Who lives here: Leslie Murchie Cascino, Tom Cascino and their dog Jarvis
Location: Ann Arbor, Michigan
Size: 126 square feet (11.7 square meters)
Before she renovated, designer Leslie Murchie Cascino of Bonnie Wu Design had an unusual problem with the kitchen in her 1959 home in Ann Arbor, Michigan: It was just too big. She renovated to enhance the kitchen’s everyday functionality, in part by reducing it to a scale that felt more appropriate for the home. In the process, she also made the space more beautiful.
Cascino relocated the microwave to the island, well out of the way of the cooktop. She added a new wall of tall cabinets to serve as a pantry and beef up storage. (It also neatly closes the space after a powder room was added; the drywall bump-out between the back wall and the tall cabinetry wall is the corner of the powder room.) Cascino also added cabinetry to the front of the island.
Floor: red oak
The front of the island (where the stools tuck in) has 12-inch-deep cabinets for extra storage.
Ceiling. Cascino wanted to add recessed lighting to the ceiling but faced a challenge: The exposed material between the ceiling rafters was actually the underside of the roof and there was no room to install the fixtures and electrical required for recessed lighting. Cascino wanted to preserve the home’s visible rafters, so drywalling over them to make way for lights didn’t seem like a good idea. Alternate lighting solutions that could work around the rafter ceiling were too expensive.
Then architects Bonnie Greenspoon and David Lewis of Lewis Greenspoon Architectscame up with a novel solution: adding rift-cut white oak veneer panels to the ceiling. By affixing the panels to the rafters, they created a gap that the recessed lights and electrical could tuck into, simultaneously creating an interesting design feature.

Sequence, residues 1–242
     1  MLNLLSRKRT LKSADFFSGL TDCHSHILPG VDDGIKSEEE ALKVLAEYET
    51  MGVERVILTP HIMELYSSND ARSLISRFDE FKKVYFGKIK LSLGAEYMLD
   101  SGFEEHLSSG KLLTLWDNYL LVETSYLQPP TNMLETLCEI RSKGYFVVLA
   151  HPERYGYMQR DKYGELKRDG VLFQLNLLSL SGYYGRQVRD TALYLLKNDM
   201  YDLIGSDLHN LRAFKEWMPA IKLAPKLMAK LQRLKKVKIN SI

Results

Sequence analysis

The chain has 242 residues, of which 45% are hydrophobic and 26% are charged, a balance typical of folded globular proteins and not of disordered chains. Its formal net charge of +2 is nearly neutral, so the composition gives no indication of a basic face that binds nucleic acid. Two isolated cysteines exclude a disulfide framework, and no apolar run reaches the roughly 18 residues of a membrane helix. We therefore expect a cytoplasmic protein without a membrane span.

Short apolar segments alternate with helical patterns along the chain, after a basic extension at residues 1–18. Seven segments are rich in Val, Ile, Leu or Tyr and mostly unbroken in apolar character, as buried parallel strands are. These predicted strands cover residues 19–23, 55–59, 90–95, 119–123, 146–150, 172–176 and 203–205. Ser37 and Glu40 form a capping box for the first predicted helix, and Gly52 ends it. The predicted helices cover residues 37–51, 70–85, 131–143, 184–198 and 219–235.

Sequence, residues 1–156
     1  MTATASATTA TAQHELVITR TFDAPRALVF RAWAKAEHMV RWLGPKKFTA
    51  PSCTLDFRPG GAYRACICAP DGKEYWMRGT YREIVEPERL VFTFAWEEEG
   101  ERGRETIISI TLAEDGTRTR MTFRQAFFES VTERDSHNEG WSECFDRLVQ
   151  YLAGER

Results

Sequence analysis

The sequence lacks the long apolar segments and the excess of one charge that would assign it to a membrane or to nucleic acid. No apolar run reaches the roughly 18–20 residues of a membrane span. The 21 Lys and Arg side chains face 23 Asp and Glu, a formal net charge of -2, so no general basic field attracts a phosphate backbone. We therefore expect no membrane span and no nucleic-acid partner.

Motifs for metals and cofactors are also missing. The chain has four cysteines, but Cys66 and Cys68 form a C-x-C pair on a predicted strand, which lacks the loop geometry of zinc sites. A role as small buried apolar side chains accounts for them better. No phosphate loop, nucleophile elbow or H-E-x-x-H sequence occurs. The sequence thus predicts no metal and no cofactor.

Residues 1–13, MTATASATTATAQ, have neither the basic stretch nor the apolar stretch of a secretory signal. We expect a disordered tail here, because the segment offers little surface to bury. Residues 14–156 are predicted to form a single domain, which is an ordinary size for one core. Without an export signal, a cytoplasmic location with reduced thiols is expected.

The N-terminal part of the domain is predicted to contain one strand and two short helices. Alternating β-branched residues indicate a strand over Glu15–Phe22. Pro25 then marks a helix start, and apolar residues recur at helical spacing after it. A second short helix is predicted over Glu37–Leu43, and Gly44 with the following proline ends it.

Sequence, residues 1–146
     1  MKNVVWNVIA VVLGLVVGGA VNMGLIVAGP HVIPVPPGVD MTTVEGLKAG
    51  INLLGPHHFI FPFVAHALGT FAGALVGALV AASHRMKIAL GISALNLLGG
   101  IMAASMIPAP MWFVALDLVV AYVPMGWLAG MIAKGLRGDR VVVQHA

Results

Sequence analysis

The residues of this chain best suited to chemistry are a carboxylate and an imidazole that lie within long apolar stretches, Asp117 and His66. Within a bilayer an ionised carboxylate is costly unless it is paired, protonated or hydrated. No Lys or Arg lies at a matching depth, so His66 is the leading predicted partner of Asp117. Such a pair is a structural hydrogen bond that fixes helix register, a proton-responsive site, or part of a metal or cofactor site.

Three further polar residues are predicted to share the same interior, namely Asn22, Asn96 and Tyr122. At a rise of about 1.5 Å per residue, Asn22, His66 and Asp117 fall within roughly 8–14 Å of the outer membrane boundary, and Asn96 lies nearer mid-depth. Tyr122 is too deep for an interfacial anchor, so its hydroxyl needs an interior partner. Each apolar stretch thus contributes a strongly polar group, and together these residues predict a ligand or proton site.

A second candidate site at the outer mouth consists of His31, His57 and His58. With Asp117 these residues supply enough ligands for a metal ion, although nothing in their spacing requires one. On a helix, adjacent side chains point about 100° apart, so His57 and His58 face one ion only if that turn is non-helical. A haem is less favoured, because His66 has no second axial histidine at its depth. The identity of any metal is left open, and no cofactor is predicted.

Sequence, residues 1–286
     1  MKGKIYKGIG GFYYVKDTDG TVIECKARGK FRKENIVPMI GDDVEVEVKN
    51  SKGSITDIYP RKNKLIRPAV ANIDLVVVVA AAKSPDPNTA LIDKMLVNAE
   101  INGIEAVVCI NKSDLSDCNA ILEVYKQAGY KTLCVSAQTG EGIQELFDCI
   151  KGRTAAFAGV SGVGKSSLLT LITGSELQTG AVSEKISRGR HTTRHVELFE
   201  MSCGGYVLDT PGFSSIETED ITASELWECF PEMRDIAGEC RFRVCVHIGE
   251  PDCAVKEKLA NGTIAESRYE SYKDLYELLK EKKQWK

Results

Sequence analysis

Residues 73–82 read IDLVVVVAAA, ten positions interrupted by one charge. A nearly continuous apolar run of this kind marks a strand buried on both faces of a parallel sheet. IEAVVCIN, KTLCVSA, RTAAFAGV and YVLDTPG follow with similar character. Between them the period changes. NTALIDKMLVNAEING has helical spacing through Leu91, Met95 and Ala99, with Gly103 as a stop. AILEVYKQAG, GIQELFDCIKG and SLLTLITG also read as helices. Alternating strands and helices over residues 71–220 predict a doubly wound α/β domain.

Island counter material: Burlesque Quartzite; pendants: Cedar & Moss; find more globe pendants
Cabinetry. The kitchen’s flat-panel cabinets are walnut veneer with a clear coat. The new 90-inch-tall cabinetry wall packs in storage amid the appliances: Above the two wall ovens is a cabinet with dividers for storing baking sheets and cutting boards, and below them a drawer for pie dishes, oven mitts and baking tins. To the right of the double ovens is the couple’s dry-goods pantry and the cabinet above it contains melamine plates, serving ware and some wine. What appears to be a wide cabinet on the right end of the oven wall is actually the refrigerator and freezer, clad in the same walnut veneer used for the cabinets themselves.
Cabinetry hardware. Cascino blended a mix of handles in the space based on what seemed best for function. She chose vertical pulls on the tall cabinet wall and island front, and horizontal pulls for the drawers beneath the cooktop and the sink side of the island. Discreet black finger pulls work for the upper cabinets along the cooktop wall.
Appliances. The dishwasher and microwave are both on the island. You can just see the handle of the microwave on the end of the island. The dishwasher is next to it, between the microwave and the sink. To the right of the sink (out of view in this photo) is the trash and recycling pullout.
Perimeter counter. The perimeter counter is a simple white Caesarstone.
Prep space. Cascino uses the far end of the island as her main prep space, moving items from the refrigerator to the sink and prepping them on the island, where she has a view of the backyard.
Perimeter counter: Blizzard 2141, Caesarstone; cabinetry hardware: vertical pulls, Emtek; finger pulls, Top Knobs; find more cabinet hardware